So how do you respectfully critque another Trumpet Player?

Discussion in 'Trumpet Discussion' started by Eclipsehornplayer, Apr 25, 2006.

  1. Eclipsehornplayer

    Eclipsehornplayer Forte User

    Sep 14, 2005
    Metro Detroit
    Hello All,

    I have a situation that I’d like some advice on.
    As some of you may or may not know I am the section lead of the 3thd trumpet section in a community band here in Georgia.

    We are blessed to have some really strong players in our trumpet section; with Alex’s help I’ve managed to place myself among the top players in my section. Don’t get me wrong our 1st players can play circles around me. All of them played in college and one of them subs in orchestra’s around South Georgia.

    So here’s my dilemma. We are playing a piece called Broadway Show Stoppers Overture; it’s the kind of piece that contains many songs within itself. It’s a fun and challenging piece to play. In about the middle of the piece there is a song we play called On A Clear Day (You Can See Forever). This part of the piece has a very nice solo for about 9 measures that is played by one of our 1st players.

    So here’s what I’m looking for suggestions on. When this player plays this solo it sounds horrible. It sounds like he’s trying to stuff a 500LB canary into a straw. It’s pinched off and shallow sounding. I have a theory on why this is. He plays in the local big band and uses the Monette MF3 mouthpiece; a fine lead mouthpiece but I don't think it is well suited for a tune that calls for a full melodic sound. I can’t help but think that this is what is making his sound on this piece make me want to do great bodily harm to anyone within arms reach.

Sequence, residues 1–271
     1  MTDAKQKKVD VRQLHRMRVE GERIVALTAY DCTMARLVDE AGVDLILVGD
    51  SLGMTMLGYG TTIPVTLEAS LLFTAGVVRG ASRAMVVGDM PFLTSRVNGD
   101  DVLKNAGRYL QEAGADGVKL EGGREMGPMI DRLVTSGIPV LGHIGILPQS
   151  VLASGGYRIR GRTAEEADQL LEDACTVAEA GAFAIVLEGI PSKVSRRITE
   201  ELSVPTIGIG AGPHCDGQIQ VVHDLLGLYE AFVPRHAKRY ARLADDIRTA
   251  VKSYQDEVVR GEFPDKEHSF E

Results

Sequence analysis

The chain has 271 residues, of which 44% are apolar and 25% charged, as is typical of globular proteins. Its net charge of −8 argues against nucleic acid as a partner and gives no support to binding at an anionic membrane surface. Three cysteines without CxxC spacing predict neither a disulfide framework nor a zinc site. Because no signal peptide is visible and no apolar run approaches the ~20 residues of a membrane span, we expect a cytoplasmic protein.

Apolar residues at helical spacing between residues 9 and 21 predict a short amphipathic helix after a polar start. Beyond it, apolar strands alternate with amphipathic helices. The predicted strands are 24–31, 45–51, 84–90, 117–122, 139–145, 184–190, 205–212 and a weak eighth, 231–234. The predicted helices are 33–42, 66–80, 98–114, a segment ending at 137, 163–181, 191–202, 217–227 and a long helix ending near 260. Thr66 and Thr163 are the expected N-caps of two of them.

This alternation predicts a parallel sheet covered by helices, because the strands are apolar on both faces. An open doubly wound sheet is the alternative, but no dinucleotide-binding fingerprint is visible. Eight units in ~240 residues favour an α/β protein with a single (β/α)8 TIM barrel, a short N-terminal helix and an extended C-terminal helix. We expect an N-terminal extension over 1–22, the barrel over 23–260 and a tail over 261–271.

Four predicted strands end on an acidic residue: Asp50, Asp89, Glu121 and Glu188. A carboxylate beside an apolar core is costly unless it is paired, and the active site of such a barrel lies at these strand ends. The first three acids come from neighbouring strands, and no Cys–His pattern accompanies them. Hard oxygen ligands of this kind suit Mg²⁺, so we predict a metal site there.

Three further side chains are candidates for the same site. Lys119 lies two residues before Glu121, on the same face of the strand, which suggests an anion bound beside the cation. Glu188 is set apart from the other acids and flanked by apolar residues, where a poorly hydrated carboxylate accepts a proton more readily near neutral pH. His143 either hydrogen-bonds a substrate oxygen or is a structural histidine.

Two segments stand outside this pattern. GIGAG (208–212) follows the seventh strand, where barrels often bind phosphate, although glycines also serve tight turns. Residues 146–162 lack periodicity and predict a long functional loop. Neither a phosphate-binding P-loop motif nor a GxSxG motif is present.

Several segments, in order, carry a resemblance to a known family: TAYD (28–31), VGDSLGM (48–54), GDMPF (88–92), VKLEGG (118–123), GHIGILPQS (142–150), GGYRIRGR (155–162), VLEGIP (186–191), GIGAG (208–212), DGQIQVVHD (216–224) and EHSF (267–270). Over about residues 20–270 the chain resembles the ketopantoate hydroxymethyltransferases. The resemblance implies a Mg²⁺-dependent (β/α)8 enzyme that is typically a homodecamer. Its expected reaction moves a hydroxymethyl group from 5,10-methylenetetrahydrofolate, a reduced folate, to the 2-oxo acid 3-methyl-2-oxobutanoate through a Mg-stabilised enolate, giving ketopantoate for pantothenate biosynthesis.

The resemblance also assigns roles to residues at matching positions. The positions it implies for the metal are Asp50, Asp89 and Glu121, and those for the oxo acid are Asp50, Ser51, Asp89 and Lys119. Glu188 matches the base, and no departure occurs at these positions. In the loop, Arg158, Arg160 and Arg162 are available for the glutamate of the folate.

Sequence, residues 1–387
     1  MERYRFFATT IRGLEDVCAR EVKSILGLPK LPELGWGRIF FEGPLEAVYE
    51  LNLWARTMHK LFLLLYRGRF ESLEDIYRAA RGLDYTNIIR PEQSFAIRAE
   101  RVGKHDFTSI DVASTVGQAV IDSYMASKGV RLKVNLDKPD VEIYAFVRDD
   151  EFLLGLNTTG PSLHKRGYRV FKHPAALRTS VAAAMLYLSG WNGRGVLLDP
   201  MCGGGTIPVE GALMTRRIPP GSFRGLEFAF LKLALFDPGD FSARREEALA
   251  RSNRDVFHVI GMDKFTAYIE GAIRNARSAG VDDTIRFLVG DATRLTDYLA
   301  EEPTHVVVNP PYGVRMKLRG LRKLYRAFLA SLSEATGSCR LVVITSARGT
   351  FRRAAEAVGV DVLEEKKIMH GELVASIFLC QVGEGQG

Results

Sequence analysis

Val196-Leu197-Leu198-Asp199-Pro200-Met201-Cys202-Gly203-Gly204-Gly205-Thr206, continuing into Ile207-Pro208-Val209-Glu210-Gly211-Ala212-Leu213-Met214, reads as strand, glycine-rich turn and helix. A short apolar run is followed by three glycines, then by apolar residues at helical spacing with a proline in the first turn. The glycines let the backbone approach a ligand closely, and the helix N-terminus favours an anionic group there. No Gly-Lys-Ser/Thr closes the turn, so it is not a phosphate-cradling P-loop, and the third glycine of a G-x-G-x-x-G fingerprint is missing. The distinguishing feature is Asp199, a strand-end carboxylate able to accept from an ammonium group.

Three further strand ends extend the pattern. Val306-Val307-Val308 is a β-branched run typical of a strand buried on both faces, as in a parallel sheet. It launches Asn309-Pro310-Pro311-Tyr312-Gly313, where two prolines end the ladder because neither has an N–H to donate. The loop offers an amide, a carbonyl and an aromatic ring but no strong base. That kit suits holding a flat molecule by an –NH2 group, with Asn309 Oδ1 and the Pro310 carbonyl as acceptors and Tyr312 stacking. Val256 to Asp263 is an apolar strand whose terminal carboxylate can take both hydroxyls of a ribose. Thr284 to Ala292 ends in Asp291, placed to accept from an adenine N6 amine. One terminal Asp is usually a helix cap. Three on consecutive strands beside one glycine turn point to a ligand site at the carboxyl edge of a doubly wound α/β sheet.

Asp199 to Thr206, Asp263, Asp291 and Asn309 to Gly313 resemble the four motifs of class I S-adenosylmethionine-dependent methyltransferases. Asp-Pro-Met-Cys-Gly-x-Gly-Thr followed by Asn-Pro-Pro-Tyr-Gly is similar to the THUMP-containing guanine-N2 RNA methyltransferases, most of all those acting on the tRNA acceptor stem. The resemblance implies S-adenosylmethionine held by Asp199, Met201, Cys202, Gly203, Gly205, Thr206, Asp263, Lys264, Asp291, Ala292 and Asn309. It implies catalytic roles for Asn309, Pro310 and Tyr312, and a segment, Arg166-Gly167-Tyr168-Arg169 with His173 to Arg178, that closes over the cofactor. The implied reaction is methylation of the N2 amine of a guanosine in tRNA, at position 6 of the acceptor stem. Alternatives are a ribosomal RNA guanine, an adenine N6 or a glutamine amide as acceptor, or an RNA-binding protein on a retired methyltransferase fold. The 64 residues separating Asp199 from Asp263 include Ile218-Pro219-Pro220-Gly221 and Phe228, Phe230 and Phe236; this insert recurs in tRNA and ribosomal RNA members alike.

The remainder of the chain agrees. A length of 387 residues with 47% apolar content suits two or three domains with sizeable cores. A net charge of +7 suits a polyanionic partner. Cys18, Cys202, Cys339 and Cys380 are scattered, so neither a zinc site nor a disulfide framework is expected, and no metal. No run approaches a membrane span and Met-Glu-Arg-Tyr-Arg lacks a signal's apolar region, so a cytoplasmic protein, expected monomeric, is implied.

How can I approach him on this and respectfully suggest that he change to a more open mouthpiece? Or should I approach him at all?

    Any thoughts?

  2. Jhorn229h

    Jhorn229h Pianissimo User

    Feb 17, 2006
    Re: So how do you respectfully critque another Trumpet Playe

    Wow, a BRUTAL description!

    Seriously though, I would just keep your mouth shut. Remember what you're dealing with. Community groups always seem to be a "mixed bag" of ability levels. You're there to have fun, right? Has the conductor commented on the solo? As we know from this forum, many players of ALL ability levels get suprisingly defensive about the horns and mouthpieces they play, even though we know they'd sound better if they tried something else. Nobody likes to be told what to do. I would just ride it out, and see if it gets better. Maybe the conductor will comment on it. Is is worth alienating this player over an 9 bar solo? When is the concert? Does this person know about the TM? If so, the cat may be "out of the bag."